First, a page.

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The Death and Life of Great American Cities
The Death and Life of Great American Cities | Jane Jacobs
Penetrating analysis of the functions and organization of city neighborhoods, the forces of deterioration and regeneration, and the necessary planning innovations
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Chittavrtti
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Pickpick

Just started reading this wonderful book. Ms Jacobs nicely puts, and minces no words, how cities as urban thriving communities aid development of socially conscious human beings. Down with the garden cities and up with the stoop sitting, window hanging, Street ball playing populace. If my neighbors don‘t know@me and I them we form no neighborhood only decorate the street for the automobile.

1 like1 stack add
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everlocalwest
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These are #someoneelsesbooks, specifically they are my husband's bedside TBR. Tagged book is the one I think he's currently reading but he also keeps a more immediate bookstack in his backpack and the fact that this book is here and he is not means I could be wrong about that. He's a reader that jumps from book to book as his mood and interests shift but localism, community development, business, and Louisiana history are basically his wheelhouse.

everlocalwest Forgot to add #riotgrams and also remembered he just transitioned to 2y
10 likes1 comment
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squirrelbrain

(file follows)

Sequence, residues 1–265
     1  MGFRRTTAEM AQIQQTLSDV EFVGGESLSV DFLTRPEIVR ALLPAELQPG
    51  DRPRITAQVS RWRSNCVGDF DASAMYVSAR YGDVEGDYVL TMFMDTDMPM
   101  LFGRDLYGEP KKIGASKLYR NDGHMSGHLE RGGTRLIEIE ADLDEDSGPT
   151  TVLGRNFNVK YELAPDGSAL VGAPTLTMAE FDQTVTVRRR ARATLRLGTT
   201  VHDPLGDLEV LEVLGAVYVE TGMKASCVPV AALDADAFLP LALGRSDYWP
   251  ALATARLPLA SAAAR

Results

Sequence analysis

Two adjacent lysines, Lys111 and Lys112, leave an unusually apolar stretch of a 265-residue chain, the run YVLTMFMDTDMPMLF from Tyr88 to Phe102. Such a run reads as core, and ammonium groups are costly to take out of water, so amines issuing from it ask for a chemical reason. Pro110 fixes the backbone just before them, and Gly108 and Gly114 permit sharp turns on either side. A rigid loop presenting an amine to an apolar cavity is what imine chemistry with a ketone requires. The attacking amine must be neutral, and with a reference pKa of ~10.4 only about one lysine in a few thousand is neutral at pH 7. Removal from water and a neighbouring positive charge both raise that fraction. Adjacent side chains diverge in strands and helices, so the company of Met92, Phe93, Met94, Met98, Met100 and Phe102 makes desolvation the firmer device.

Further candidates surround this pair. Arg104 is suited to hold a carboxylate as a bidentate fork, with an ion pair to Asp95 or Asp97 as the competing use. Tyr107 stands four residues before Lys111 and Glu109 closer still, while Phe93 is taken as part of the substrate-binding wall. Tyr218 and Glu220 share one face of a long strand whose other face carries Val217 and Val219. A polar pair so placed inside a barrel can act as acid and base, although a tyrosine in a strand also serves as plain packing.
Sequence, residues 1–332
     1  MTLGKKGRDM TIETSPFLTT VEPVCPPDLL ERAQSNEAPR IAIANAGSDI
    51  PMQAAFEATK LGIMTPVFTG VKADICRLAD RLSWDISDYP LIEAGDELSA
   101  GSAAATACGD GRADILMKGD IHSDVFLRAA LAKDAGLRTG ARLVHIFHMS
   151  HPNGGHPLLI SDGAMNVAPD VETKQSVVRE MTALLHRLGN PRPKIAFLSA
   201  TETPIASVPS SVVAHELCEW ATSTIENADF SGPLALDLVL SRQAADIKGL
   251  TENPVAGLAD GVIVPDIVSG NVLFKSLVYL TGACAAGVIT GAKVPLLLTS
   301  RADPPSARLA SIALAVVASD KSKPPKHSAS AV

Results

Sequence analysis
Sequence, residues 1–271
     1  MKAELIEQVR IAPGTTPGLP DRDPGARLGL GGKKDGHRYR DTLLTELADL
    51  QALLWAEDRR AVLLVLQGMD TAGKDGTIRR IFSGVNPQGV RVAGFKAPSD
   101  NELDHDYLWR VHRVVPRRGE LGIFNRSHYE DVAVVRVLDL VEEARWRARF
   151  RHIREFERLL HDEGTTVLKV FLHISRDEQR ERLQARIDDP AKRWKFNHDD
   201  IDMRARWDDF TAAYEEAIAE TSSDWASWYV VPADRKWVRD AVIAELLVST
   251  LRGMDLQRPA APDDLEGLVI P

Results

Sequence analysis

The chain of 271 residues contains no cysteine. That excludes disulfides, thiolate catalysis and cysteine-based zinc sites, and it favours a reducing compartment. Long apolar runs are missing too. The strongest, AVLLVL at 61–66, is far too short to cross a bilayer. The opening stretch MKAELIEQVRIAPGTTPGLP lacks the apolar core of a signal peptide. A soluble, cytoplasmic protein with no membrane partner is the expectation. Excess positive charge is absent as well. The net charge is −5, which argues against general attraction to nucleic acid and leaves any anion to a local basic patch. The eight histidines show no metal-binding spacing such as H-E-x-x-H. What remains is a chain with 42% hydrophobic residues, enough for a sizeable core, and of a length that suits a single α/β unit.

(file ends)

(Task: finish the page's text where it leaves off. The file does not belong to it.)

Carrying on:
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#autumnreads #femaleheroes
I haven't read this yet but I think Jane Jacobs may be a hero of mine. I'm currently working my way through #The Power Broker about Robert Moses and anyone who stands up to him in support of my favourite city in the world, NYC, has to be a hero!

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Lindy
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Mehso-so

I had trouble staying alert while listening to Donna Rawlins narrate the 50th anniversary edition of this audiobook. It's over 18 hours long. Some good stuff, but in retrospect, I wish I had sought out a summary of Jane Jacobs' ideas instead.

32 likes1 stack add
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Lindy
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Everyone is aware that tremendous numbers of people concentrate in city downtowns and that, if they did not, there would be no downtown to amount to anything--certainly not one with much downtown diversity.
[photo: Edmonton's City Hall plaza. My city has a thing for glass pyramids.]

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Lindy
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The more successfully a city mingles everyday diversity of uses and users in its everyday streets, the more successfully, casually (and economically) its people thereby enliven and support well-located parks that can thus give back grace and delight to their neighborhoods instead of vacuity.

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jdtchicago

Detroit is largely composed, today, of seemingly endless square miles of low-density failure.

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jdtchicago